$10.2B Needed for Roads Over 20 Years

Thu November 20, 2014 - Midwest Edition
Grant Schulte - Associated Press




LINCOLN, Neb. (AP) The Nebraska Department of Roads has identified $10.2 billion in projects that it said are needed over the next 20 years, according to a report released Nov. 10.

Lawmakers were given the report during a joint legislative committee hearing to review the state’s long-term roads funding needs.

The estimates were presented in 2014 dollars. Accounting for inflation, the total 20-year cost is expected to rise to $14.6 billion.

Nebraska has historically relied on gas-tax revenue, motor vehicle fees and federal dollars to pay for roads projects, said Randy Peters, director of the Department of Roads. Revenue from the state sources has flat-lined in recent years as cars and trucks became more fuel efficient, but the list of high-priority projects continued to grow.

“Nebraska, like most other states, reached the point where system preservation, including bridges, consumed virtually all of our construction funding,’’ Peters said. “Planned major capital improvement projects languished year after year.’’

About half of Nebraska’s construction money comes from the federal government. Peters said the state’s ability to complete the projects hinges on congressional approval of a new federal transportation bill, which was enacted in 2012 and extended until May 2015.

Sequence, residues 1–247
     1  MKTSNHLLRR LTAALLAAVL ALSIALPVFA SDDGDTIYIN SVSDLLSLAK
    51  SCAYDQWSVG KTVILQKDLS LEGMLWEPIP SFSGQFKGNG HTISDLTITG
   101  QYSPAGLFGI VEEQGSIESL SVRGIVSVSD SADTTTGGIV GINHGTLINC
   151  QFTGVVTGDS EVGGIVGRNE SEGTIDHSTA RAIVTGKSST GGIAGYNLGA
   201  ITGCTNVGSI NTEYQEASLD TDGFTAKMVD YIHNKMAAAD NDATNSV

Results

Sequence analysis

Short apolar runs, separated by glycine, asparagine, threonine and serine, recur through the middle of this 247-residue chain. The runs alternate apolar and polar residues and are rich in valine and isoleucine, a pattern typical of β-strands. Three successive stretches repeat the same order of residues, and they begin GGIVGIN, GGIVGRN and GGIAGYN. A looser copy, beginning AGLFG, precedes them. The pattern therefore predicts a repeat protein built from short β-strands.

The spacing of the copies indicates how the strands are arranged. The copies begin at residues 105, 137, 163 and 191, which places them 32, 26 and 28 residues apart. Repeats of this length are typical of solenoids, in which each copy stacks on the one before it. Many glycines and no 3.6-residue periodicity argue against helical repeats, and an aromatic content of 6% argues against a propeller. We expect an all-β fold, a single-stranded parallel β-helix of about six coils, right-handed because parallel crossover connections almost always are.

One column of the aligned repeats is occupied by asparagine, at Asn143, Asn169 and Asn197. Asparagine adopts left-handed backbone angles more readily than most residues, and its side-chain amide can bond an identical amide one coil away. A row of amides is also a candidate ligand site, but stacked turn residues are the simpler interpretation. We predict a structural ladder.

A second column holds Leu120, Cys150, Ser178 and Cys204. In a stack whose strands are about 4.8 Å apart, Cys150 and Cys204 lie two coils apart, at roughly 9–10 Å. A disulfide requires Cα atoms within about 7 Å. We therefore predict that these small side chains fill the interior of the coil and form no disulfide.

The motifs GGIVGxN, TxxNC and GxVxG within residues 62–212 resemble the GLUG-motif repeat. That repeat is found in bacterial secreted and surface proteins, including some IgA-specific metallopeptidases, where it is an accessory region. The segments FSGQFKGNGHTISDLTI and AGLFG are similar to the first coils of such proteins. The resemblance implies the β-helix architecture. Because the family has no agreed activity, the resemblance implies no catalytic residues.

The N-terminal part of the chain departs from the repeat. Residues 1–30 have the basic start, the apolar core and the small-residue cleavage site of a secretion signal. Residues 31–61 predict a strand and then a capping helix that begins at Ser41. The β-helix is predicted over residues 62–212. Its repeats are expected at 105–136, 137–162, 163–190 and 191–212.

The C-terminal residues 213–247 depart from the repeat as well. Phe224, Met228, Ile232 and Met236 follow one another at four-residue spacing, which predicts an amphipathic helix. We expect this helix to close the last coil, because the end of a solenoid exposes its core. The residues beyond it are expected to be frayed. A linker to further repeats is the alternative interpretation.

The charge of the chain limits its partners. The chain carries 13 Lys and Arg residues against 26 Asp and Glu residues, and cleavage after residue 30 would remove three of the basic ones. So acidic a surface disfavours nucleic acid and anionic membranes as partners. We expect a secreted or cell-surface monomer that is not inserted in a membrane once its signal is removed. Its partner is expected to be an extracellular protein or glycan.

Peters said state roads directors from all 50 states have stressed the need for federal funding. Without the federal money, he said, Nebraska may have to delay some of its planned roads projects.

“We are very much unified in our support of Congress passing an increase in long-term highway funding,’’ he said.

In recent years, the department also has received about $60 million annually through the Build Nebraska Act, a state law which diverts sales-tax revenue into roads projects.

Sen. John Harms of Scottsbluff said many of the planned projects are important in western Nebraska, for both safety and economic development.

Harms pointed to the planned development of the Heartland Expressway, which is expected to connect South Dakota and Colorado through the Nebraska Panhandle. Harms said he was worried that moving too slowly on the project could lead motorists to alternative routes that are planned in Wyoming.

“That would be a phenomenal loss in revenue and growth’’ for western Nebraska, Harms said.

The Build Nebraska Act sets aside one-quarter of a cent out of the state’s 5.5-cent sales tax for projects. The 2011 law departs from Nebraska’s decades-old practice of using gas-tax revenue and motor vehicle fees to pay for roads. Peters said construction is under way on the first wave of projects to receive Build Nebraska Act funding.

The department estimates that $6.6 billion is needed to restore cracked and otherwise damaged pavement over two decades. Another $3.3 billion is needed to flatten, widen or straighten rural roads and bridges, and $285.6 million is needed for similar work in urban areas, according to the report. In addition, the report calls for $179.6 million for construction on railroad crossings.

Not factored into the report are the cost of routine highway maintenance, administration and support services, and department buildings.

Funding needs were identified by department staff, the State Highway Commission and the public.